I think they pose a critique to socialism as we have known its development over the last century and a half. The Jubilee was the command that in the year after the seventh seventh year, i.e., in the fiftieth year, the land should be shared again, family by family, and the land should not be worked for the second year in a row (because it shouldn’t be worked in the forty-ninth year either). The people were to celebrate that the land belonged to God and that it belonged to each family equally. That is a quick, skeleton description of the Jubilee.

I think in its deepest teaching the Jubilee says to us that spiritual and political liberation are indistinguishable. That is, they are so deeply intertwined that they are not even intertwined at all; they are the same thing. You cannot say that we must share the wealth without saying that the wealth is God’s and not even ours to share. You cannot have the spiritual liberation of stepping back, of not controlling, of not doing, without also saying the wealth belongs to everyone. The two are one, and the Jubilee is the way of celebrating that fact. One must believe and act on three things at the same time:

1) That the land is everyone’s

2) That the land is no one’s

3) That the land is God’s

Secondly, the Jubilee tells us that the cycles of the earth and the cycles of human life are crucial. I’m afraid that secular socialism has a deaf ear to the cycles of biology. It acts as if the God of the Bible is only a God who acts in history, society, and politics and not the God who acts with the spring-time and the rain and with human birth, marriage, and death. The teaching of the religious traditions is that the God of the one is the God of the other; that the God of history is the God of nature and of the cycles of nature. It is true that we act in society beyond the cycles, but we also act in society, the Jubilee tells us, to celebrate the cycles. A full socialism—a full human society, if we want to leave aside the ideological label—will have to recognize the cycles as well as going beyond them through human history.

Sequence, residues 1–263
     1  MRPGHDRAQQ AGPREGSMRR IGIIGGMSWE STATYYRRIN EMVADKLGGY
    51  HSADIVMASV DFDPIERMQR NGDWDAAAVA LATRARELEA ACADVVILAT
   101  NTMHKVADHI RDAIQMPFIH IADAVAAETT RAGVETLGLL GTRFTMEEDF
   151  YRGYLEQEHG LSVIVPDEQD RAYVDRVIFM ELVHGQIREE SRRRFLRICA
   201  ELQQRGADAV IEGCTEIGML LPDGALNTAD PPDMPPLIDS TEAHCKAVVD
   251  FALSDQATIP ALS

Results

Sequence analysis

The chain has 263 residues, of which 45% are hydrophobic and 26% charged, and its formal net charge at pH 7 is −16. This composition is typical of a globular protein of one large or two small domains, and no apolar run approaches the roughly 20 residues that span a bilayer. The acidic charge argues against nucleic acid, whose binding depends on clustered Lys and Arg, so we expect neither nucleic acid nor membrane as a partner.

The Jubilee also teaches us the importance of communal repose, as does, of course, the Sabbath. Secular socialism, like capitalism (its older twin brother, one might say), the children of the modern industrial age, has focused on production. It has focused on production being controlled by the people and on consumption being shared by the people. But the Sabbath and the Jubilee are neither about production nor consumption. They are about meditation. They are about looking beyond production to the purpose of production, which is not even consumption. They are about contemplation. They are about the re-examination of basic purposes. A religious socialism ought to be addressing secular socialism, to say that it is lacking if it does not understand that. The teaching of the religious tradition—that production is not its own end and that consumption is not the end of production, that contemplation of the purpose of the world is the reason for both—is the only way to build a decent socialism.